After its six-month highs posted in recent days, Wall Street took a nosedive on Tuesday, as investors fear a slowdown in the global economy. The IMF revised downward its forecast growth Tuesday, while Donald Trump has threatened to impose tariffs of $11 billion on European products. Meanwhile, trade talks with China are still stalling on some issues, according to the White House, which said the US authorities are “not yet satisfied.” Finally, the Brexit dossier also weighs on the trend, on the eve of an extraordinary European summit in Brussels on a possible new postponement.
At the close, the Dow Jones index dropped 0.72% to 26,150 points, while the broad S & P 500 index fell 0.61% to 2,878 pts and the Nasdaq composite, rich in technology and biotechnology stocks, dropped 0.56% to 7.909 pts. A little earlier, the Euro Stoxx 50 finished down 0.6% and the CAC 40 yielded 0.65%, especially under the weight of(-1.86%). On Wall Street, the shares of Boeing, which dropped 10% since the crash of the B-737 MAX Ethiopian Airlines, has again lost 1.46%.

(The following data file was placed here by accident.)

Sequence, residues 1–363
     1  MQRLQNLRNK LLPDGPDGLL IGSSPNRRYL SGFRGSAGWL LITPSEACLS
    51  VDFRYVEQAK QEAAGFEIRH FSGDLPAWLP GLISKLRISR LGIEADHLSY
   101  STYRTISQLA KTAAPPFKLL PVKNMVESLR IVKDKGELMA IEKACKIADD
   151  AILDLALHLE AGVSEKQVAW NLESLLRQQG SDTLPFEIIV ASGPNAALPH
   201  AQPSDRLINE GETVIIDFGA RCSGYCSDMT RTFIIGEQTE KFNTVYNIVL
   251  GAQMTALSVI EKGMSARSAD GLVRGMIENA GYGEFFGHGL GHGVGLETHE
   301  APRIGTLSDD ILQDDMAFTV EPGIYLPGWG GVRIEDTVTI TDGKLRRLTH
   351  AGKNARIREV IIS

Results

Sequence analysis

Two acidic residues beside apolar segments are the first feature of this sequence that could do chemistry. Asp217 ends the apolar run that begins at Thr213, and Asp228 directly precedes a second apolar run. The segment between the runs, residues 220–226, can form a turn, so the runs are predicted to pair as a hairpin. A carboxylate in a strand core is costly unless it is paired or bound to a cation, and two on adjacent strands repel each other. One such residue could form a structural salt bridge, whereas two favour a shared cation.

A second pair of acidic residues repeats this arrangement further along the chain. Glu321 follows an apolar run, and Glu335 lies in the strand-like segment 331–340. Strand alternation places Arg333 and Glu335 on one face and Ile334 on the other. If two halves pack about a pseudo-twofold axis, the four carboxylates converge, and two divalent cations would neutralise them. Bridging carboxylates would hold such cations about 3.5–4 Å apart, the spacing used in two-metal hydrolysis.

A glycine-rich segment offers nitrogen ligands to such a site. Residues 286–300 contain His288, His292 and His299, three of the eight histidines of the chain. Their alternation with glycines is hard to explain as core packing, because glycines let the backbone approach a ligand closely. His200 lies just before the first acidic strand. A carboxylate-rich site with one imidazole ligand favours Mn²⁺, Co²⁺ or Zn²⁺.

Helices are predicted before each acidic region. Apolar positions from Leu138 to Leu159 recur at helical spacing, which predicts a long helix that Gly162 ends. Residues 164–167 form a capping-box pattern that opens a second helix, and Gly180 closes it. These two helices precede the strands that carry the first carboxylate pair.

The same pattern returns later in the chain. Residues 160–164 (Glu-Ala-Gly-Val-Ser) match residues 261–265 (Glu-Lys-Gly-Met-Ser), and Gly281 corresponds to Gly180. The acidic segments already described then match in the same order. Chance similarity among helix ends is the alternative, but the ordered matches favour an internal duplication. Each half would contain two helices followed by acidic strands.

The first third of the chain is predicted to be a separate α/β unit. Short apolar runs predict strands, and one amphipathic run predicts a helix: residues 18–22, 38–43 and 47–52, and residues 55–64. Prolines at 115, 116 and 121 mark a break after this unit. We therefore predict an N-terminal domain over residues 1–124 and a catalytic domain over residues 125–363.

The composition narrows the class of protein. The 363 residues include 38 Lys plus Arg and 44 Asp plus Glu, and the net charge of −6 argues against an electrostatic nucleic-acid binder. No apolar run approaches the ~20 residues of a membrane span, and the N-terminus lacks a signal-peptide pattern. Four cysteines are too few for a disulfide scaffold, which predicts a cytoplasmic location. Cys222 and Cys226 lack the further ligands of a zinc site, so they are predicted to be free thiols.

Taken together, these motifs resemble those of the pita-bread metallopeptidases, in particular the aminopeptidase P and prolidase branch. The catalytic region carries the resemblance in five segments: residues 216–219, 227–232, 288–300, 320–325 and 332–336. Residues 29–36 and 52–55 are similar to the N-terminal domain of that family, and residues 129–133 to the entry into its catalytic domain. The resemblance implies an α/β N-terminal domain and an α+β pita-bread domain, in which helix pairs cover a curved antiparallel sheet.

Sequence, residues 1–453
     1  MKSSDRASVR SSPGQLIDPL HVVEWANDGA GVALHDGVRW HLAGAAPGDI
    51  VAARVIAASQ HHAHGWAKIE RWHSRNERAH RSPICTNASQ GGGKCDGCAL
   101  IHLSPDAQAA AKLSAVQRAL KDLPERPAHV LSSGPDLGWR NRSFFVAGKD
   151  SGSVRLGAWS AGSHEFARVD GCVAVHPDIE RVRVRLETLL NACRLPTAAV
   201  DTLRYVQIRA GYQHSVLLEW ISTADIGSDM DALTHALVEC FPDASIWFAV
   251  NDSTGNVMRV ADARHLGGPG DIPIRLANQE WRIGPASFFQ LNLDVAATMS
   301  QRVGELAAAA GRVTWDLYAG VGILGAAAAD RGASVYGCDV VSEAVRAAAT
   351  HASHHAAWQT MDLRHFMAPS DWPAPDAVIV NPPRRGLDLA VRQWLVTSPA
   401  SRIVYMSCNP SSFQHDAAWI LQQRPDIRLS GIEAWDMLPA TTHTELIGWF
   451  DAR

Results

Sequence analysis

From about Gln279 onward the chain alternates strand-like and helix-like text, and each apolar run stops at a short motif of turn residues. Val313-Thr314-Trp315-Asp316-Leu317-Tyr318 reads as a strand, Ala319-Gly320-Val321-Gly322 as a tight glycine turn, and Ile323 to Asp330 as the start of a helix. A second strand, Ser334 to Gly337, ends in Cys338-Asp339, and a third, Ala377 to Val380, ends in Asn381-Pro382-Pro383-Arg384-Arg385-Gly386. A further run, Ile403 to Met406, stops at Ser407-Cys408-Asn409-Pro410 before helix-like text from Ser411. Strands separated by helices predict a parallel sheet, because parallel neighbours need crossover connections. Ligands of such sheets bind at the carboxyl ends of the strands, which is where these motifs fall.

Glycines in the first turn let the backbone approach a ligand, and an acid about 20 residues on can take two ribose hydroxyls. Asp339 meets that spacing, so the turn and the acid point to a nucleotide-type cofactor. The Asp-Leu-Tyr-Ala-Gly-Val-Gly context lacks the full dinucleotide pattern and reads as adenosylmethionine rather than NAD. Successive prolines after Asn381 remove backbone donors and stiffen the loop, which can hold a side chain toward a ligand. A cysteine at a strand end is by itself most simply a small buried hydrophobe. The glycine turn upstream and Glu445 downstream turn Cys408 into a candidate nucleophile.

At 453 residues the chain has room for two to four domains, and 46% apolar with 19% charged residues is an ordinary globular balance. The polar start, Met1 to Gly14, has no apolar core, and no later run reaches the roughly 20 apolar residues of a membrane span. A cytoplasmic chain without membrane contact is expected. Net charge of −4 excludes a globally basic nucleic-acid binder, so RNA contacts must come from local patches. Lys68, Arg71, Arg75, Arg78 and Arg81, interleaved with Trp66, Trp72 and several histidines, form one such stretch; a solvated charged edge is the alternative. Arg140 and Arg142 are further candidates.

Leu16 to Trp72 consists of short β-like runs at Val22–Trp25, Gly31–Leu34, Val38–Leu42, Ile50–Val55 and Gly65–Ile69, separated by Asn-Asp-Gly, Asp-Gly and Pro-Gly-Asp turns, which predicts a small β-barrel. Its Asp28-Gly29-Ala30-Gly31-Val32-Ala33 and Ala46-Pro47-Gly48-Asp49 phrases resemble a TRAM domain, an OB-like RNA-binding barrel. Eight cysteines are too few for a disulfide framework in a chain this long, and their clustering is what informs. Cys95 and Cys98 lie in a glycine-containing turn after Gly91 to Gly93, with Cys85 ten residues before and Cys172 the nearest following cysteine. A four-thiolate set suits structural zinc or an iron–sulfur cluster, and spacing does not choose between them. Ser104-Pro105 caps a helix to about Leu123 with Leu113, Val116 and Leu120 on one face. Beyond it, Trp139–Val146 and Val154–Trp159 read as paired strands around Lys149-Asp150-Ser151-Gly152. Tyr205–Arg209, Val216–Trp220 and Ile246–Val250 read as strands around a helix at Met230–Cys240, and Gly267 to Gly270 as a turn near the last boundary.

On Monday, Bank of America Merrill Lynch was the first major broker to lower (to “neutral” versus “buy”) its recommendations on Boeing, estimating that the group’s business could be disrupted for 6 to 9 months, not 3 to 6 months as previously anticipated, by the setbacks of the B-737 MAX. On Tuesday, Boeing also said it delivered 149 aircraft in the first quarter against 184 a year ago. A number lower than its competitor Airbus, which announced a few days ago that it delivered 162 aircraft over the period.
American Airlines reduced its unit revenue per passenger expectation for the first quarter, largely due to the shutdown of the Boeing 737 MAXs and the partial shutdown in January.
The markets are waiting for the kickoff of the results of US companies for the first quarter, which could temper the optimism of the markets in the coming weeks. Indeed, for the first time since the second quarter of 2016, earnings of the S & P 500 could come down compared to the same quarter of the previous year, according to financial analysts.